My PhD research lies at the intersection of sociolinguistics (esp. queer linguistics) and health communication. More specifically, I use corpus-assisted (critical) discourse analysis and virtual ethnography to analyze how people who suffer from sexuality and relationship-themed Obsessive-Compulsive Disorder (OCD) use language online to make sense of their mental health, and how they linguistically orient to normative ideas of gender and sexuality to construct their identity.
Affecting up to 2% of the general population (Ruscio et al. 2010), OCD is characterized by the presence of obsessions about specific themes that are nourished by a never-ending doubt. This doubt generates anxiety, which leads the affected person to look for certainty through repetitive compulsive acts. Although the anxiety diminishes for a short time, it strikes back after a while in stronger proportions with the doubt leading sufferers to enact other compulsions. While the media perpetuates stereotypical understandings of OCD as being an urge for cleanliness, symmetry and perfection (e.g. the TV-Shows Friends, Monk, or The Big Bang Theory, see list of videos below), OCD is a heterogeneous disorder that is also shaped by other anxiety-provoking themes, such as hoarding, harm, and forbidden/taboo thoughts, which include intrusive thoughts related to sexuality and gender (American Psychiatric Association 2013).
These sexual intrusive thoughts (SITs) can be about any taboo forms of sexuality (e.g. incest, paedophilia, zoophilia, necrophilia, etc.) or one’s gender/sexual identity (Gordon 2002), where affected people pathologically fear the possibility to become homosexual (Williams 2008), heterosexual (Goldberg 1984), or transgender (Safer et al. 2016), depending on one’s own personal identification. Ignoring that (unlike sexual fantasies) sexual obsessions are unpleasant and upsetting, therapists are also likely to misdiagnose them as symptomatic of pedophilia, gender dysphoria, or internalized homophobia (Glazier et al. 2013).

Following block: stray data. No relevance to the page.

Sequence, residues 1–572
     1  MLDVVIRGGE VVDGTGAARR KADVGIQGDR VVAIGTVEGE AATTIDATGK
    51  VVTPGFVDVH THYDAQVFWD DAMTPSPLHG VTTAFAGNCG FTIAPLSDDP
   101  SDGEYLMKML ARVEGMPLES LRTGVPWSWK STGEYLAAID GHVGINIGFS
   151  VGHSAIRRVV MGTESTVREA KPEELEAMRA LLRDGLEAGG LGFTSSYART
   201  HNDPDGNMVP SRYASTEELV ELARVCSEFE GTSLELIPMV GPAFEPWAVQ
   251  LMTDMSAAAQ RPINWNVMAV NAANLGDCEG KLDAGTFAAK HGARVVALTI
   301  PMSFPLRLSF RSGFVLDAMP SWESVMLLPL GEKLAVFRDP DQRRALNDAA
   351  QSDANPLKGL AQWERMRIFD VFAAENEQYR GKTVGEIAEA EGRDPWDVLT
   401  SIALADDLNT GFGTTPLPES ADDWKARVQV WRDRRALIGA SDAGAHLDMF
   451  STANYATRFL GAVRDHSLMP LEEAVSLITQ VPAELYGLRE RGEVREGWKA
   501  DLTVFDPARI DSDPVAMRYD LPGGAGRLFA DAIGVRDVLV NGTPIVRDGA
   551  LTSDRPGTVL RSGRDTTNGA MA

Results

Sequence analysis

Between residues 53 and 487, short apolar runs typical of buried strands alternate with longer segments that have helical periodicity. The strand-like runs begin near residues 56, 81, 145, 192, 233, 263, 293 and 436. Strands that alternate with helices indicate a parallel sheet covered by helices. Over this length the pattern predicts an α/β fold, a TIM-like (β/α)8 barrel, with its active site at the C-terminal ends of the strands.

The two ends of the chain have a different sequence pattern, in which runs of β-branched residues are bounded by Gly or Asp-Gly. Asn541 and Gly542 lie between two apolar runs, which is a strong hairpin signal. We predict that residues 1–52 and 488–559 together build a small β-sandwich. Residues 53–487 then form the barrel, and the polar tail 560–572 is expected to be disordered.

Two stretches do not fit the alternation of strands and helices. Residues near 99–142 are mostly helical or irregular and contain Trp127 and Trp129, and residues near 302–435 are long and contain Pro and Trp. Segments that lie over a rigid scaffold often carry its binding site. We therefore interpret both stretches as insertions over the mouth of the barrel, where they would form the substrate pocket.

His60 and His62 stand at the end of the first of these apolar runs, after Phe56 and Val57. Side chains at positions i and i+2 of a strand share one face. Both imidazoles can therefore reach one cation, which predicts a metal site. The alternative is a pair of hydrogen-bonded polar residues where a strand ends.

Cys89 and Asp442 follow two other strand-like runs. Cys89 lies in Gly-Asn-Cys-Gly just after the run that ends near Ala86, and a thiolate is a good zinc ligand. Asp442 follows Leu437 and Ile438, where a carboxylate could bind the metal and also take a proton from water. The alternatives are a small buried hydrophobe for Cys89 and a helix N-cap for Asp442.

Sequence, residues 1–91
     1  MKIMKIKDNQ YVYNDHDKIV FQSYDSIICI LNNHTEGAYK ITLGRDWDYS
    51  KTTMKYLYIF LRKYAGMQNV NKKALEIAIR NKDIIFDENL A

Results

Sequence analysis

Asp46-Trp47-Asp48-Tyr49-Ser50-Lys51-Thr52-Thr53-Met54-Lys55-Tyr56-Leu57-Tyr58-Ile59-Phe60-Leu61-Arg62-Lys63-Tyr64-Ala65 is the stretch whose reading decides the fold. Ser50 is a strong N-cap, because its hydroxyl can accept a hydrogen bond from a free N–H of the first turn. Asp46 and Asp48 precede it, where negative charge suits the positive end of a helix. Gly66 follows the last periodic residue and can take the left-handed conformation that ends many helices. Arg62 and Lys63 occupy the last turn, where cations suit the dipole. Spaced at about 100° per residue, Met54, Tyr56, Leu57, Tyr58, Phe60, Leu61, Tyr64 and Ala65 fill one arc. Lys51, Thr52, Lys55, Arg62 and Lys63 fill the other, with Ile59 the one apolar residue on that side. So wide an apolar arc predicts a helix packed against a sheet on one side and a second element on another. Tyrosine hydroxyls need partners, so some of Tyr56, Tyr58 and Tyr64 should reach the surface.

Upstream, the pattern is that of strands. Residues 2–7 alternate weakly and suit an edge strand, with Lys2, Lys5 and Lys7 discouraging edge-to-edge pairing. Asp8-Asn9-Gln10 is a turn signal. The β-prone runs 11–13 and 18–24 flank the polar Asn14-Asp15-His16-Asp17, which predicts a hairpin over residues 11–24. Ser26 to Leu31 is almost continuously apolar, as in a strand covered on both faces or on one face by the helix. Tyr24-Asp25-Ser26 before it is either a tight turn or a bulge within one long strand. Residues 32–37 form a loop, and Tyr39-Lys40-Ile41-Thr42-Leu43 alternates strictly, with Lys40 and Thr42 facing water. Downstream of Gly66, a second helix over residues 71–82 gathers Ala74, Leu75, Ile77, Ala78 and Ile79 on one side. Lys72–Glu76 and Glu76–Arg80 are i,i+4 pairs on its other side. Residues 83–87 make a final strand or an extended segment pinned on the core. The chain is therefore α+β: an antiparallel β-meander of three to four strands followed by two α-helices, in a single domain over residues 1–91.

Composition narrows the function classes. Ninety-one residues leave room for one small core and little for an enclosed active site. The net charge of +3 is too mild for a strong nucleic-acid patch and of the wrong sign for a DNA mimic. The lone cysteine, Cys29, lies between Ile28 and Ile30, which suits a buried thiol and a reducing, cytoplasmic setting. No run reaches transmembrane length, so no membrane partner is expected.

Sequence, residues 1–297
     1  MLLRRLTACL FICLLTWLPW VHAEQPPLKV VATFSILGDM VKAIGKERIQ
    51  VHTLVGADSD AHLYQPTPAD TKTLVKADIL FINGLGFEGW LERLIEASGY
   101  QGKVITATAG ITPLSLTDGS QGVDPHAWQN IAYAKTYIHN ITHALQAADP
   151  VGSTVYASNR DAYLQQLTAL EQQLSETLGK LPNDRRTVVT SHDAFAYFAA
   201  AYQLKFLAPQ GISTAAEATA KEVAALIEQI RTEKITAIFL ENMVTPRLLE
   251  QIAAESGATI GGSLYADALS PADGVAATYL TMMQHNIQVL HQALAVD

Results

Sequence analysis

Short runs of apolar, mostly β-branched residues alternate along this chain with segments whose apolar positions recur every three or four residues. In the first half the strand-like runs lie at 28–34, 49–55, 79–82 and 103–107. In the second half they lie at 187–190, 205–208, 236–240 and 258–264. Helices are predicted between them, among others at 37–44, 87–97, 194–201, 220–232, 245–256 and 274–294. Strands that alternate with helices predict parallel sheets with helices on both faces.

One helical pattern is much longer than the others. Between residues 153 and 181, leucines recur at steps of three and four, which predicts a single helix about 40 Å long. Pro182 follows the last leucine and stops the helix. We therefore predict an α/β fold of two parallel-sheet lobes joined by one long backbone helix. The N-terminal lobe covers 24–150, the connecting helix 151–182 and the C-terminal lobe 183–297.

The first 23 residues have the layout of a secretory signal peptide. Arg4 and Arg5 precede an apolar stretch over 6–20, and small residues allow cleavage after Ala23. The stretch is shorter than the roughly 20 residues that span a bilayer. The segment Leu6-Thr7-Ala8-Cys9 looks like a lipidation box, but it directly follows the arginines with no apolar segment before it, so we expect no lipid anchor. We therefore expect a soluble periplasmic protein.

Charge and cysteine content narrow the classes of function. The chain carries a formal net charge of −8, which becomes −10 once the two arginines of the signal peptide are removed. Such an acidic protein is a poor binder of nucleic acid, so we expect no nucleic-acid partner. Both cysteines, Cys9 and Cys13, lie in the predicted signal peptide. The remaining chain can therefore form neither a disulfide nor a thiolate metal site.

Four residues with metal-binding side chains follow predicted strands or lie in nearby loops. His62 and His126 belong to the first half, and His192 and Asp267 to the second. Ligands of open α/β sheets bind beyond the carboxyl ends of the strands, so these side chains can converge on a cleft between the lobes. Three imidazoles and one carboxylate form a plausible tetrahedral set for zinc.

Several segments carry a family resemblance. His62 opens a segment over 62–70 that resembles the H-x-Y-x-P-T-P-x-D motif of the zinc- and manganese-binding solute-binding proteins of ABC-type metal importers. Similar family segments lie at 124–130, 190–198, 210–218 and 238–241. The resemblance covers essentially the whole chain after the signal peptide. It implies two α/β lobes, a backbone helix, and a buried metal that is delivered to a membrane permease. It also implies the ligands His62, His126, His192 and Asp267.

While the majority of OCD research reflects a dominant biomedical paradigm that favors quantitative approaches, little qualitative research has been carried on the social realities of OCD sufferers. Considering that people use language to make sense of their mental health experiences (e.g. Harvey & Koteyko 2013), and that language also reflects social regulations of gender and sexuality (e.g. Cameron & Kulick 2003), no studies have explored how normative beliefs about gender and sexuality interact with SITs. My project aims to fill this gap.
I wish to build a long-lasting, anglophone online forum in order to assemble a community of affected people (hopefully more than 100). Then, I will use ethnographic approaches to examine how they orient to normativity (Motschenbacher & Stegu 2013), and use corpus-assisted discourse approaches (e.g. Hunt and Harvey 2015) to explore – through a specialized corpus of expectedly 250’000 words – how micro-linguistic details reflect macro-level normativities in participants’ discussions. It will be insightful to compare the discourses of different SITs themes, and even to parallel the results to a similar study that explored how straight men suffering from Sexual Orientation OCD orient to heteronormativity (Gomes and Motschenbacher in press).
If you know somebody who experiences SITs and would be interested to participate, please contact me firstname.lastname@example.org. Igala will publish the link to the forum once available.